This practice has the power to serve as an antidote to our unconscious, habituated and addictive uses of technology. It is a vehicle for learning how to recognize and own the true consequences of the choices we make. Many of us are so caught up in keeping up with the technologies being offered that we have not noticed what it is costing us. Mindfulness encourages us to look directly at our habits and choices to see what is actually there. It helps us to recognize whether or not what we are doing is truly working for us. It helps us to answer the question: Are the technologies and the way we are using them actually improving our lives?
So, it was only natural, though belated, that I turned to mindfulness to try and figure out what was happening to me. I began first by noticing my body. What I discovered was that after a certain amount of time writing, I needed a break. I did not need another screen image, but time to get up, walk around, get something to eat or drink, go outside. I learned that part of the itch was my body’s way of telling me it needed something. And that something was nothing any screen could provide. Being mindful of physical sensations and a willingness to act on them provided one shift.
Then I began to notice what was happening at a deeper level. I saw that all of the diversions were my attempt to numb out to a startling and profound truth: I was afraid. I had doubts about my ability to go for something I have wanted to do my whole life. It was so much easier to get involved in the characters on the screen than it was to work on my own character. I am deeply humbled and sobered by a force that has the ability to exert this level of power over my values and dreams. It seems to me that this is very worthy of all of our attentions and that it requires a kind of noticing on our parts that goes beyond rules, rights, wrongs, upgrades and evites.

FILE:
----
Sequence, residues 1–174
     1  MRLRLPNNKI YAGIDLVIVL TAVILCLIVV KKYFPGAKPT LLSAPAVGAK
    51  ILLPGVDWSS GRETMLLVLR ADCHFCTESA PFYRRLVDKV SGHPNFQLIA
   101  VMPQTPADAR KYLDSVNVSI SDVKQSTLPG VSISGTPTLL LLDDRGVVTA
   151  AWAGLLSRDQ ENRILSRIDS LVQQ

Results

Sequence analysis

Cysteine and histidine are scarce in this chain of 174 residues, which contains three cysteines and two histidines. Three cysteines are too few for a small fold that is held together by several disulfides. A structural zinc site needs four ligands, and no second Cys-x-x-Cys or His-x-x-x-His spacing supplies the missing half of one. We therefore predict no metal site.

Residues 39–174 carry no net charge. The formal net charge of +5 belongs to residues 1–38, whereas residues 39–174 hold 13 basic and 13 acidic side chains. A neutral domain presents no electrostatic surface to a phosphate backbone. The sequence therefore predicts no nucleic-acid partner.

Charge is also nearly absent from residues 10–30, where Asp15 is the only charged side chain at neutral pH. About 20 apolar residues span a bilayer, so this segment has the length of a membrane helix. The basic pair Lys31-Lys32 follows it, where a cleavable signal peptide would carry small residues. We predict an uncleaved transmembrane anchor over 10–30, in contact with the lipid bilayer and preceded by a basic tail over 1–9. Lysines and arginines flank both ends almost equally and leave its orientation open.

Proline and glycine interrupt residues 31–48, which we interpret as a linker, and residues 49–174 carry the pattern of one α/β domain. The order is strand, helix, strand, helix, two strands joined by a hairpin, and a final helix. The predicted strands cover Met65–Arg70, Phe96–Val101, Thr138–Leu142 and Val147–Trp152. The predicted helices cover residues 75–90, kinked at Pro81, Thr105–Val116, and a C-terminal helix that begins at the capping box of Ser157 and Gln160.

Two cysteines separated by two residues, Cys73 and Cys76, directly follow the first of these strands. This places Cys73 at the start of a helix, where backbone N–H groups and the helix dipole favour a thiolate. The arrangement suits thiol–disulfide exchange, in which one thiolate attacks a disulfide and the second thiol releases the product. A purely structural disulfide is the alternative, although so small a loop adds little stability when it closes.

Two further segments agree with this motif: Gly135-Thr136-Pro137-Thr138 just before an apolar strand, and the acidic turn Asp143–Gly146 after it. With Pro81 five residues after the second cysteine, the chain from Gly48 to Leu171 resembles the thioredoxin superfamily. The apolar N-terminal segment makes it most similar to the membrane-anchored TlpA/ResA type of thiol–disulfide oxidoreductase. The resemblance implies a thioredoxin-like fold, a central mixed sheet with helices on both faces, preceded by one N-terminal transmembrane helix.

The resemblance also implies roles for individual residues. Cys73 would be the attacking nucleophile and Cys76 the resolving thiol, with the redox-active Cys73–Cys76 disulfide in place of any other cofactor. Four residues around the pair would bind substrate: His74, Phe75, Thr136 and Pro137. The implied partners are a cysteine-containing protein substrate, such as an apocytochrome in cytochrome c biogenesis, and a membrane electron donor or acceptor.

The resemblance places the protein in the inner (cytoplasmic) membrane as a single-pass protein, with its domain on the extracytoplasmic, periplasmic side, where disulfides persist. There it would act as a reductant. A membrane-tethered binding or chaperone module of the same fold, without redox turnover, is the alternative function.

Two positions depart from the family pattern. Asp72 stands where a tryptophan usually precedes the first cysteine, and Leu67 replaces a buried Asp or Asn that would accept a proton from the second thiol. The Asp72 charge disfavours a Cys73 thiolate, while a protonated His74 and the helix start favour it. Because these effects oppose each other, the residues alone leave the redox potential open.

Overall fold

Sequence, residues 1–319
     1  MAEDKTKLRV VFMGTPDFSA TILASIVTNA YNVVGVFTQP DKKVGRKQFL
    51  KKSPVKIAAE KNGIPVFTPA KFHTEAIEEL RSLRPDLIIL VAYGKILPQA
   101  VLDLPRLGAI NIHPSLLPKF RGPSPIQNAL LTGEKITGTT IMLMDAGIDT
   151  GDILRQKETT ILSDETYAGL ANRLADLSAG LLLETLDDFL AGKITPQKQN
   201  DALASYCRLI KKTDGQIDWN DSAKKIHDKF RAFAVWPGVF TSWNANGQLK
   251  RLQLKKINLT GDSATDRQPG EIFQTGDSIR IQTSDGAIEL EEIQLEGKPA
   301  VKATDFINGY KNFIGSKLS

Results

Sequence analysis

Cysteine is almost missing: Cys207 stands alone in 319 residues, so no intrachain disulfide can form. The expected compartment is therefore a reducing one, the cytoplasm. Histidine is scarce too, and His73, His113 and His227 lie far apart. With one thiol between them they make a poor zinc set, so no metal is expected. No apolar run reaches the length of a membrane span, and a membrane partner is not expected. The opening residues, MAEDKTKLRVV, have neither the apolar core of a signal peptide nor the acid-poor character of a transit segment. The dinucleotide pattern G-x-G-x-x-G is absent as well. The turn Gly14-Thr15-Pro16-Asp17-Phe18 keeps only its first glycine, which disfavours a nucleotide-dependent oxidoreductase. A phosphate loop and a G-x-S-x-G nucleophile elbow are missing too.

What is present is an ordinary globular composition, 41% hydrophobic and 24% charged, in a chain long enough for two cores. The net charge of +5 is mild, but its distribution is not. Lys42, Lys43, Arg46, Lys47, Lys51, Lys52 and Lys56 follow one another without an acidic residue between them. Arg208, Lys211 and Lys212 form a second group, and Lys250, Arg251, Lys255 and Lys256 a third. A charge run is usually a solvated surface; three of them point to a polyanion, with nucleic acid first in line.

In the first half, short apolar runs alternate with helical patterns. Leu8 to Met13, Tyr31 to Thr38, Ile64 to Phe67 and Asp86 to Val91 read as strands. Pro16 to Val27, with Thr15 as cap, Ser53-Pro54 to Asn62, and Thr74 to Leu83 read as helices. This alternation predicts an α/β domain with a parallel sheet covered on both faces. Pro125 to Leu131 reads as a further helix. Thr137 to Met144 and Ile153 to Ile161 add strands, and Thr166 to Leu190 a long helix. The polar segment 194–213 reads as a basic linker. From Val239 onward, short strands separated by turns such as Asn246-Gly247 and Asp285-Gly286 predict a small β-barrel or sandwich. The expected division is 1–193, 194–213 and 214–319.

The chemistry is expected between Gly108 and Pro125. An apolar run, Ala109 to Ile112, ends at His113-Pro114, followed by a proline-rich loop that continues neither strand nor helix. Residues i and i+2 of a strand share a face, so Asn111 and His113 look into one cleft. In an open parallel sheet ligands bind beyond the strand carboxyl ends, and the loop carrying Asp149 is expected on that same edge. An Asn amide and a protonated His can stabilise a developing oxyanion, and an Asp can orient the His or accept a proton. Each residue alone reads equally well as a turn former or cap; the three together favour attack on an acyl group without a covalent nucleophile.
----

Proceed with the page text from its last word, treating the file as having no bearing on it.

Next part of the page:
Our ability to be present to how we use technology may be the only thing strong enough for us to get clear about the impact it is having on us. This is a tremendous challenge and a potent opportunity for us to discern for ourselves what matters most and how we choose to live. Without this effort we may wake up one day to find that all of our time spent in the world of the screens has left our real lives noticeably uninhabited and as two dimensional as the hardware in front of us.
And if all else fails, maybe you will find yourself in the position I am currently in with having a monitor with no speakers. These days I find myself in no rush to get this fixed as the lack of access has gone a long way in helping me to reclaim my life.
Susan McNamara, MA, CHHC, is a certified holistic health counselor who also holds a Masters in Counseling Psychology. Susan teaches at Westfield State University and consults with families interested in making conscious choices regarding technology use in their homes. She can be reached at (413) 527-2230 or by email at email@example.com.